The last part was new to me, but I immediately dismissed it. The idea that people could be opposed to my father was an alien concept. As I searched for another reason to delay our departure, my mother's eyes suddenly lit up with an idea.

" Ava, you are six now. If you promise to be a good girl and be helpful to your father and his men until we reach our destination, I'll let you wear my necklace. But you must be very, very careful," she told me, shifting her weight slightly on the water's edge.

My eyes widened and fell to my mother's breasts, where her treasured emerald necklace lay nestled. There was never a belonging I had loved more than it, the one thing that had come my mother's 'old life' before my father, whatever that had been. Glittering with beauty, the emerald was rare and a king among it's kind. Framed by tiny diamonds and hung on a silver chain, it and my mother complimented each other with their beauty. Particularly her unusual piercing, almost glowing emerald green eyes. I had inherited them, and to this day I have never seen another human with their like.

My mouth made a small o and I let out a squeal of delight. My mother laughed, and once again several of the men turned to stare. She had a melodious laugh that sounded like music and wind and a waterfall, all at the same time.

" I promise, mother," I told her solemnly, and waited as she took off the necklace. I closed my eyes as she clasped the chain around my neck. The emerald was cool against my skin, and I twirled around once in my sopping clothes.

" Oh, I'm just like you, mother!," I exclaimed with pleasure as I bent down to study my reflection in the water.

Leaping up, I hugged her with the pure feeling of love in my heart. She laughed softly and held me close. Taking a glance at us, my father gave me a smile with a wondrous expression on his face, almost as if he was thinking he couldn't believe that me and my mother were his. It was a moment I would always cherish, the sheer happiness of being loved.

It happened quickly. Something streaked by out of the corner of my eye, and I heard a choke. My mother released her grip on me slightly, puzzled, and my head darted to the right.

Klanan crumpled to the ground, an arrow directly through his chest.

He died so cleanly that for a moment I didn't know what to make of it, and remained calm. But my father's men did, and it all became a blur; half trying to escape through the trees, half trying to find the source of the arrow and defend themselves from it. The purple and pink streaked sky was slowly fading, and my mother's words of my father's enemies came jolting back to me.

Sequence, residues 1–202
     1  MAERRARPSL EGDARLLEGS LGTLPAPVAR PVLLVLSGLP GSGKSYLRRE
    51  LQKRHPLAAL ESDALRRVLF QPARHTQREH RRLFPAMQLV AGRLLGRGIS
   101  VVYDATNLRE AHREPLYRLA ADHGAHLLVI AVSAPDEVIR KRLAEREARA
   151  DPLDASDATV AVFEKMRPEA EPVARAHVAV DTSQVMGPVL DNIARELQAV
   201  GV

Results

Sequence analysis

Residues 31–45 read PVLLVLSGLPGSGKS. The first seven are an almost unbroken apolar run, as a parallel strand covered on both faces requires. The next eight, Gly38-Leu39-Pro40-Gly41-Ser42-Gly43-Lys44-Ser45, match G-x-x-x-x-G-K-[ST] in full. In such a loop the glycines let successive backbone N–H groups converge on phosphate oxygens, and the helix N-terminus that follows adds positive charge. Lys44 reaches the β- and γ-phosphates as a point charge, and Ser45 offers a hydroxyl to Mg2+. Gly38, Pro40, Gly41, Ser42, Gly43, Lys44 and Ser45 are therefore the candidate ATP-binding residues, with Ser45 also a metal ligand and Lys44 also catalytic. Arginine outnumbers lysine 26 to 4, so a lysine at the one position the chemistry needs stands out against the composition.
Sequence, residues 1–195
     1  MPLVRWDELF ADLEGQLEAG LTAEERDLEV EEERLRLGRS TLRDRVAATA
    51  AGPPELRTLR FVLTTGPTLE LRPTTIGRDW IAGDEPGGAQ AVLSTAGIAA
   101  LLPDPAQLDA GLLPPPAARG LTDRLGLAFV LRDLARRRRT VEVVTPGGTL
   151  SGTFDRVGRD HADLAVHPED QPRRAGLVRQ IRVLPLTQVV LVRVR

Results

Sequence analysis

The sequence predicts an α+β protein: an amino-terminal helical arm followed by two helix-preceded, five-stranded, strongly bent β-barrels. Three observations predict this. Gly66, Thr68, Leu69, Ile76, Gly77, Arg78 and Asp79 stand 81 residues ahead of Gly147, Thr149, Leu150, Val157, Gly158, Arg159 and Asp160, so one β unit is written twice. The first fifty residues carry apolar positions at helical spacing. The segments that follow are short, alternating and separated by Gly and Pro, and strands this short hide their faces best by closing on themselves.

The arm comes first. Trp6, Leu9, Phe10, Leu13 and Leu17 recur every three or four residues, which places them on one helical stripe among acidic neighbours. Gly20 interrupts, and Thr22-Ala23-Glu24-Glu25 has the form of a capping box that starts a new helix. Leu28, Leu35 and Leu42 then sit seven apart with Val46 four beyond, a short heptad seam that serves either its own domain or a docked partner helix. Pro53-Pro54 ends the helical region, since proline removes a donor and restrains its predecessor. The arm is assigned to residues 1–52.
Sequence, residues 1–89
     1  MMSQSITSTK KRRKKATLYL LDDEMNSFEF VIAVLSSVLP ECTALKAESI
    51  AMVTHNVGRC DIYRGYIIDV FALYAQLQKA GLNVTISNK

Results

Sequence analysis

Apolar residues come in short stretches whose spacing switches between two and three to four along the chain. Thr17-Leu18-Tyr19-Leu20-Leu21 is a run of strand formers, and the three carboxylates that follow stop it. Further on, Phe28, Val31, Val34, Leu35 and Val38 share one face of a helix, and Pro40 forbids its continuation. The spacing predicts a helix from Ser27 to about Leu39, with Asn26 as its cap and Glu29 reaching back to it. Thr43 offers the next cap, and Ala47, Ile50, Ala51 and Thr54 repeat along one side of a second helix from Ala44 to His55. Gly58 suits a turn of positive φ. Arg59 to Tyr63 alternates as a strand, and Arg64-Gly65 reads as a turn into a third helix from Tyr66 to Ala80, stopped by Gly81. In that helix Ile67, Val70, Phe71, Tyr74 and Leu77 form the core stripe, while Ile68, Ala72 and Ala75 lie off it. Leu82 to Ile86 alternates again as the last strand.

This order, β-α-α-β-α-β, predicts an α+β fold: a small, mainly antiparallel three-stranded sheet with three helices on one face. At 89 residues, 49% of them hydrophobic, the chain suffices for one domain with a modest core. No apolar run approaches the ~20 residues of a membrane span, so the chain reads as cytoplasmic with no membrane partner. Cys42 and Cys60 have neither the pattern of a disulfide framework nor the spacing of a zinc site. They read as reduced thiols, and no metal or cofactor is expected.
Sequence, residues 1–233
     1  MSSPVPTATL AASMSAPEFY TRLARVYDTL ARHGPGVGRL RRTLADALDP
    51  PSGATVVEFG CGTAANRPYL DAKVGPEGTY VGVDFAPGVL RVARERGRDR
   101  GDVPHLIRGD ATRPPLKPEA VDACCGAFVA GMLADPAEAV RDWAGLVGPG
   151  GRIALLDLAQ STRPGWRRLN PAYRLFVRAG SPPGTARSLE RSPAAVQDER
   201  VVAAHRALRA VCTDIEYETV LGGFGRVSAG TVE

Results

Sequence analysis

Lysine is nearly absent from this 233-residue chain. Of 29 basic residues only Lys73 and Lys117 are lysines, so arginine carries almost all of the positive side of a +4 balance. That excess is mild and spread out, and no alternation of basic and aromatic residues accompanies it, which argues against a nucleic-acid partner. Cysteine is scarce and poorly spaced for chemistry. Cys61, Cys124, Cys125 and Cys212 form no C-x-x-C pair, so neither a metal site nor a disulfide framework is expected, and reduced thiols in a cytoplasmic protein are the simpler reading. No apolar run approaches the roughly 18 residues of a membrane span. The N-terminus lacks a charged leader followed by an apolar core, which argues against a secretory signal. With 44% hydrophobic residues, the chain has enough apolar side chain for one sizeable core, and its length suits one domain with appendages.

Sudden whooping cries were heard, and the scene began to unfold before me like a horrible nightmare. Khorsandian men streamed out of the woods, many sliding down trees, perhaps more than three times our number. Fire lit arrows fell down from the trees like rain, and within moments three of my father's friends fell to the ground. Men ridden horses emerged, their piercing whinnies screaming into the air. The mule let out a frightened bray and raced off into the forest, leaving behind the only chance of swift escape. Our culture refused all weapons and killings, a belief that lead to our own destruction many times. The clearing sprung to life with the new patches of spreading fire.

My father was a brave man, and even in this moment I never doubted him. As the attackers began to flood into the clearing, he stood his ground. His amber eyes pierced into the enemy.

" For the Faelen!," he screamed triumphantly, and lunged himself at one of the archers, trying to prevent them from reaching my mother and I.

There are too many, I wanted to scream. But as my mother was, I found I could not speak a word. I could not remove my eyes nor open my mouth while our fates were being gambled with. It was not until my father snapped his head around and I met his eyes for one last time.

" Run Ava!," he screamed, and my mother broke out of her reverie.

Without a word, she grabbed my arm and started running, dragging me behind her like a small doll. If she had not been so far along with child, we would of made a run for the forest. But in her condition, it would only make us an easy target. She yanked me up and began dragging behind her into the brook. Water sloshed at my waist, and my mother plodded on, her the skirts of her blue gown floating up beside her. The water was no more than five feet deep, and a weak current at that, but the horror of the situation suddenly dawned on me.

" Mother, Mother, we can't go! We have to help Father and the others!," I screamed suddenly, planting my feet solidly in the mud.

She whipped around with surprising speed and slapped me across the face before hurtling on, clenching my sweaty hand in her palm. I could feel the heat of the fire behind us and hear the horrifying screams of death.

We were only half way across the stream when a I heard the splashing of water behind us; later I would realize it was a miracle we had made it that far. A rough hand suddenly clenched my shoulder, and I was whipped around

" My, it appears that I've found the prize," a dark haired man with armor leered, tightening his grip on me.

He grinned at my fright; my mother gasped. The man let out a sharp whistle, and in the midst of the commotion, death, and blood, for the first time in my young life I considered the possibility that I would die. And yet, in the back of my mind and beyond my fear, a thought occurred to me; these were my mother's people. Why are they attacking she and I?